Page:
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Can Chickens Eat Black Widows?

Can Chickens Eat Black Widows?

When someone asks you a question that goes along the lines of “can chickens eat black widows?”, it’s only natural to have a strong instinct to say no. But, if you said no, you’d be wrong.

Chickens actually can eat black widows, but shouldn’t! Surprising, huh? Well, I was amazed as well when I first found out that your little chicks can devour this seriously venomous insect.

There are some things that you should pay attention to if you want to ensure the well-being of your chicks one of them eats a black widow, but don’t worry – it’s nothing complicated.

If you’re keen on learning how to react in this particular or a similar situation, I suggest you lay back and keep reading!

Poison – How Does It Work?

It’s absolutely expected from you to think that a spider that is as venomous as a black widow can seriously harm one of your animals (including chickens). This is where you’re mistaken, but don’t worry because you’re not the only one.

When I first experienced my chicken swallowing a black widow right in front of my eyes – I was terrified. I thought it would most certainly kill it, but to my surprise, my chicken lived and is still alive now.

Like any other responsible animal owner, I’ve contacted my vet immediately to ask them what is to be expected from this situation.

To my surprise, the vet started laughing. This is when I learned that the black widow poison is only effective when injected through their fangs. What does this mean?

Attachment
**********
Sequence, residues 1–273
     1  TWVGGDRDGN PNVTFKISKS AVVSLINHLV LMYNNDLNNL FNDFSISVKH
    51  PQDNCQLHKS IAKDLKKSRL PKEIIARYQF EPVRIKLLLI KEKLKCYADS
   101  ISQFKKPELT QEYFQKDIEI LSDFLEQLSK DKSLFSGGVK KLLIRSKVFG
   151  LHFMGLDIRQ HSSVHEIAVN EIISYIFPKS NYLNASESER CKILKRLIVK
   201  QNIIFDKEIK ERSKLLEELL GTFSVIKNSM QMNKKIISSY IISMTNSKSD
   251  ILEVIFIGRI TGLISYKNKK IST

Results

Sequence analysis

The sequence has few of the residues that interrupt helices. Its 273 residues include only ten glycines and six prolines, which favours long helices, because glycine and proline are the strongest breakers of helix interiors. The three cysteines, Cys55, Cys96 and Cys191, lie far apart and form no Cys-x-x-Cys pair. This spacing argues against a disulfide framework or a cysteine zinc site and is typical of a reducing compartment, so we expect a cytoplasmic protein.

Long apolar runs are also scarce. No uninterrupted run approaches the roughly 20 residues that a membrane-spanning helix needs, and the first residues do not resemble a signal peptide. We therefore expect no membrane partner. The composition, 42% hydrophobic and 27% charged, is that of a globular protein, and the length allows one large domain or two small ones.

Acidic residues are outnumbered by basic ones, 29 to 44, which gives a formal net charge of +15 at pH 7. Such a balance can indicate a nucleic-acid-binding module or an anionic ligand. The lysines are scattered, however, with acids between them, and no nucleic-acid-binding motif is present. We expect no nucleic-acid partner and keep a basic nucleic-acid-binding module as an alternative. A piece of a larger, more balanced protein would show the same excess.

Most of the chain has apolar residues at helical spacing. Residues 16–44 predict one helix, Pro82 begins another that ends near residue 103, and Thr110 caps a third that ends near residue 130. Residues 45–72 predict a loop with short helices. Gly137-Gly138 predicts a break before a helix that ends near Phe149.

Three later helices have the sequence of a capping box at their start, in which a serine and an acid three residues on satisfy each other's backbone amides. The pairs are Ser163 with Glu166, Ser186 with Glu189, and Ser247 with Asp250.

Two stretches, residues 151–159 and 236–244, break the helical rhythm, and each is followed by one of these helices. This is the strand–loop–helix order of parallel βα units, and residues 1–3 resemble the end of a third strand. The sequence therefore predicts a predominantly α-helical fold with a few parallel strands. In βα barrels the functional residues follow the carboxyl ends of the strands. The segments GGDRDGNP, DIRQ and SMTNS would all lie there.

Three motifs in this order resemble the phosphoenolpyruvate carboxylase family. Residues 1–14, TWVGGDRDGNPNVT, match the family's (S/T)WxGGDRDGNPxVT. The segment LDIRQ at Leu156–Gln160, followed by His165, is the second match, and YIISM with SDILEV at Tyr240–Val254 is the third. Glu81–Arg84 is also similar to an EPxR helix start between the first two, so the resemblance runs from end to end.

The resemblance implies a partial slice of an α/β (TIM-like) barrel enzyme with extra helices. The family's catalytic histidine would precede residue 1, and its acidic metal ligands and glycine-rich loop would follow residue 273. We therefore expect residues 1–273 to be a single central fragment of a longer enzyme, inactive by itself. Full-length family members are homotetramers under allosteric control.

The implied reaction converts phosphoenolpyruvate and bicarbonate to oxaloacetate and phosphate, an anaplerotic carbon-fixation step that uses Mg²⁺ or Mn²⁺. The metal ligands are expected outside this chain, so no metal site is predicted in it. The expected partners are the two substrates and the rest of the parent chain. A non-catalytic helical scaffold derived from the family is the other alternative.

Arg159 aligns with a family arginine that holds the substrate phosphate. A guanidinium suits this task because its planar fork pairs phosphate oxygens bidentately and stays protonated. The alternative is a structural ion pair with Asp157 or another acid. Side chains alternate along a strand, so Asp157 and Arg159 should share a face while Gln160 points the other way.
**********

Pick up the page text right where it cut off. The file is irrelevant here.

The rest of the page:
This means that if a chicken manages to swallow the spider before it bites the chicken, nothing will happen.

I was still terrified because I didn’t know if my chick got stuck in the process with those fangs or not.

My vet explained how a black widow bite works, and so I searched my chicken’s body for any signs but thankfully I found nothing.

To save you the stress, let me explain: the poison that is found in the black widow bite attacks the nervous system. For it to be effective, it needs to come into the victim’s bloodstream. This is why spiders bite and not spit poison, because if they would – it would be ineffective.

So the moral of this story is – if you don’t see a bite, then don’t be worried! There are still some situations that might be dangerous. One of these situations is that your chick gets bitten by a spider first, and then swallows it.

This is probably the most common situation where your animal will experience the effects of the black widow’s poison and potentially die.